"He has me very angry right now because he has no regard for our town and what we have to deal with on a daily basis with his buildings," Mayor Monica Badillo said. "It's hurting our image."
The town doesn't have a grocery store, and residents have to travel 10 miles to the nearest one in Kearny or shop at a convenience store. But Badillo said all the buildings that could be used for a grocery store are in Wilt's possession.
Over the years, several people have inquired about renting the buildings and opening businesses, Badillo said, but she said Wilt won't agree.
Once, she said, he asked her to find anyone wanting to rent a former drugstore to open a business and he would charge them a small fee that would increase that as the business grew. However, she said, Wilt changed his mind after she found a candidate.
Badillo said a building belonging to Wilt across from her house is infested with bats that come out in droves in the evenings, but she said he's not responded to her complaints.
She said that the town has invited Wilt to discuss the state of his properties, but he's only come a few times.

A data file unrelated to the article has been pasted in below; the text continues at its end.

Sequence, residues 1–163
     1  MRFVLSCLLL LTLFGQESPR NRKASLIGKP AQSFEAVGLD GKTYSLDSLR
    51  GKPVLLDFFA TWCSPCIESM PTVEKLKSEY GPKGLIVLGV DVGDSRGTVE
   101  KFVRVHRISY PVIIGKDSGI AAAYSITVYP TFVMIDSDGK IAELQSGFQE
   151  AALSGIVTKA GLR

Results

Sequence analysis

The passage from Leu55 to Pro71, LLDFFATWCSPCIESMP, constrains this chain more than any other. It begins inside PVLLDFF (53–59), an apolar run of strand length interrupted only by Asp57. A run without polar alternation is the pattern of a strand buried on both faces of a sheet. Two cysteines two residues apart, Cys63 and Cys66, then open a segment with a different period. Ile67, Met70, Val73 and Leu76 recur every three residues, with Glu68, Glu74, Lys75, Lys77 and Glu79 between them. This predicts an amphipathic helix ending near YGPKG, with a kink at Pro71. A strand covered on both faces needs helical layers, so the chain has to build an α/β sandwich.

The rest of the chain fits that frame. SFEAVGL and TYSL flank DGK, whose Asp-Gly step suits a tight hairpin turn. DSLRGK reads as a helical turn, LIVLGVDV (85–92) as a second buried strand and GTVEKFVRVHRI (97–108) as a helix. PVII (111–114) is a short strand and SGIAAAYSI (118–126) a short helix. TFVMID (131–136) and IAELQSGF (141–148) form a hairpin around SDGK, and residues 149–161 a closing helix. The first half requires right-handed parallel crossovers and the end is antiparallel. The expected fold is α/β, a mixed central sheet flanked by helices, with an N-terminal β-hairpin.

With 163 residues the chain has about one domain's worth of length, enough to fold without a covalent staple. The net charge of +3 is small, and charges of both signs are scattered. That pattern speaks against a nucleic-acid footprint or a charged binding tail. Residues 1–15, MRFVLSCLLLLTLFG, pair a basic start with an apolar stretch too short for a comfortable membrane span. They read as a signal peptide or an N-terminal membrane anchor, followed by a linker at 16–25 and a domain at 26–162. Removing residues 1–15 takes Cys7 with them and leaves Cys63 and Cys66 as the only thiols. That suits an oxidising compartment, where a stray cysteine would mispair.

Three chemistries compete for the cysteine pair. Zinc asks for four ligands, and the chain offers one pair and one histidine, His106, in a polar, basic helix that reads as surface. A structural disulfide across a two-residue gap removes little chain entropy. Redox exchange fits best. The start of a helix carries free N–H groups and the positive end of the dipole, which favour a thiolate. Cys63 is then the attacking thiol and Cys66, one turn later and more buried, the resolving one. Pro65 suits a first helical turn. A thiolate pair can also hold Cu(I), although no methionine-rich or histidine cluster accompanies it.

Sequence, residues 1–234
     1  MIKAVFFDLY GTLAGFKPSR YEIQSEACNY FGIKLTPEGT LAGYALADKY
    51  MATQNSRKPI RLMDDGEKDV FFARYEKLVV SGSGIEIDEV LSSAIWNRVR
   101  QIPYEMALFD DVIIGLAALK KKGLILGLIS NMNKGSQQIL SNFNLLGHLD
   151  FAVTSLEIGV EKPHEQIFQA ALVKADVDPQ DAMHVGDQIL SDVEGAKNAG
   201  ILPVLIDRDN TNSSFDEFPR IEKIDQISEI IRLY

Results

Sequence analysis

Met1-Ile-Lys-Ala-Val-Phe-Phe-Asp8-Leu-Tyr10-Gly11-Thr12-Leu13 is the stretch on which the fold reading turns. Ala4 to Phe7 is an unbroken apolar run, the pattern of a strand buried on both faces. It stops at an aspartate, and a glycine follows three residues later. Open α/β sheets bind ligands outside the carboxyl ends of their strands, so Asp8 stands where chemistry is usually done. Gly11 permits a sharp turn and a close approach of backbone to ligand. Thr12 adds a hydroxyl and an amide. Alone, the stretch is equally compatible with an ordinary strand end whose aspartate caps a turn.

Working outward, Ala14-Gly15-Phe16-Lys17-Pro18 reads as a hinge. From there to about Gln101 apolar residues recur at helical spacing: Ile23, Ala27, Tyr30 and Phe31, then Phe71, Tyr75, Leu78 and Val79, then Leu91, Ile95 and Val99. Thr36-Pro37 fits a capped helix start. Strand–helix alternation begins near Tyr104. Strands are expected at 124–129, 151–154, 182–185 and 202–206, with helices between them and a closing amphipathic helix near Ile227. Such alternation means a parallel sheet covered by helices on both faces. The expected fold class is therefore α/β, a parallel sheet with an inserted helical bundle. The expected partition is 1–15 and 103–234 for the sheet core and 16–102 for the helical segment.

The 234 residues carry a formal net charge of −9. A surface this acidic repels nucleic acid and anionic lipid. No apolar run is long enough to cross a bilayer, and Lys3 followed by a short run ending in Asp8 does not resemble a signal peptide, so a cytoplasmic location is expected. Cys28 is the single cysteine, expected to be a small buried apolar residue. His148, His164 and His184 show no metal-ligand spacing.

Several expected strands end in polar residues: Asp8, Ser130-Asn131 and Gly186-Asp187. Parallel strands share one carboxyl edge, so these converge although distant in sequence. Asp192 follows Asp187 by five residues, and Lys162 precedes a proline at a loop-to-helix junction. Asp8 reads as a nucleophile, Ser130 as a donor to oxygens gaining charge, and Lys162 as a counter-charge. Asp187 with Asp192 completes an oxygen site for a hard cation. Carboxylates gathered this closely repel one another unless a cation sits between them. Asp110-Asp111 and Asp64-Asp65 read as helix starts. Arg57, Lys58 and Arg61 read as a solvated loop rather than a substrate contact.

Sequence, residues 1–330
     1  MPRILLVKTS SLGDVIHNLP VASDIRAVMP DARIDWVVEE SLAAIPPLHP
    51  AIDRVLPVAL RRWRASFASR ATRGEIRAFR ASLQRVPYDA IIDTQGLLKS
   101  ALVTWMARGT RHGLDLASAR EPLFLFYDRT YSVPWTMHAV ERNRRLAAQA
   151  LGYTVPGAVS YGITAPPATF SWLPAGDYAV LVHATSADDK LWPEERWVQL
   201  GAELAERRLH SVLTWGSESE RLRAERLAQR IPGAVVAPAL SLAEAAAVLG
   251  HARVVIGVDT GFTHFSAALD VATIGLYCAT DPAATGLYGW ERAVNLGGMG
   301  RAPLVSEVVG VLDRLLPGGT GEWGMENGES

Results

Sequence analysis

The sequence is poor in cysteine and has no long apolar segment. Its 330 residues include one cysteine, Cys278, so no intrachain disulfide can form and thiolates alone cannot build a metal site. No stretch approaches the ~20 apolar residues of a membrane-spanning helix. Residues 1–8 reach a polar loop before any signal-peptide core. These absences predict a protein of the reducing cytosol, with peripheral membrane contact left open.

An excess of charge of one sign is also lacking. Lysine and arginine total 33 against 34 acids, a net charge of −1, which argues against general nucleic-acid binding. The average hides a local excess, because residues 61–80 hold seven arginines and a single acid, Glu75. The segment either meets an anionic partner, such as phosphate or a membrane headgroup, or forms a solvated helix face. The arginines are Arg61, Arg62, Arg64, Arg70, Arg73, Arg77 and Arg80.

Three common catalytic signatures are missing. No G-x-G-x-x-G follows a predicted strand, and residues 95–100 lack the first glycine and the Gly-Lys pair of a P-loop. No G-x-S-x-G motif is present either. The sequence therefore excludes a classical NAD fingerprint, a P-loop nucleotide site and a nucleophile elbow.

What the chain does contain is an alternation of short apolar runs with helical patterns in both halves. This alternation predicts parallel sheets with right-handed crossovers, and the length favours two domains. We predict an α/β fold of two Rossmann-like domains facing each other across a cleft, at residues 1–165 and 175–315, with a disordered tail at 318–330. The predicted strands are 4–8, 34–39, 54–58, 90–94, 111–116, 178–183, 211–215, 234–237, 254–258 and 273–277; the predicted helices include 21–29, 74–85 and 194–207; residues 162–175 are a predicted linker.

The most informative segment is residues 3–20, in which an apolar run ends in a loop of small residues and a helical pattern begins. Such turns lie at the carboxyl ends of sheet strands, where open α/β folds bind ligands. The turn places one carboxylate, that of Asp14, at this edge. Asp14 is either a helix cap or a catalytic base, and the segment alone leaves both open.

"The only time he shows up is when he wants something," she said.
Most recently, about six months ago, he came to town asking for permission to open up one of his buildings as a medical marijuana dispensary, she said. Officials declined, Badillo said.
Angella Ramirez, director of the Copper Basin Chamber of Commerce, which covers Hayden, Kearny and Winkleman, said the condition of Wilt's buildings discourages businesses from coming to a town that should be attractive to investors.
"If I was a potential investor, I would probably think twice," she said. "It makes the town look like a ghost town."
Energized by other towns' success in dealing with Wilt, Badillo said Hayden officials plan their own legal offensive.
"I really tried the approach of being nice in the beginning, and everything he told me, he went back on his word," she said. "So nice is out the window."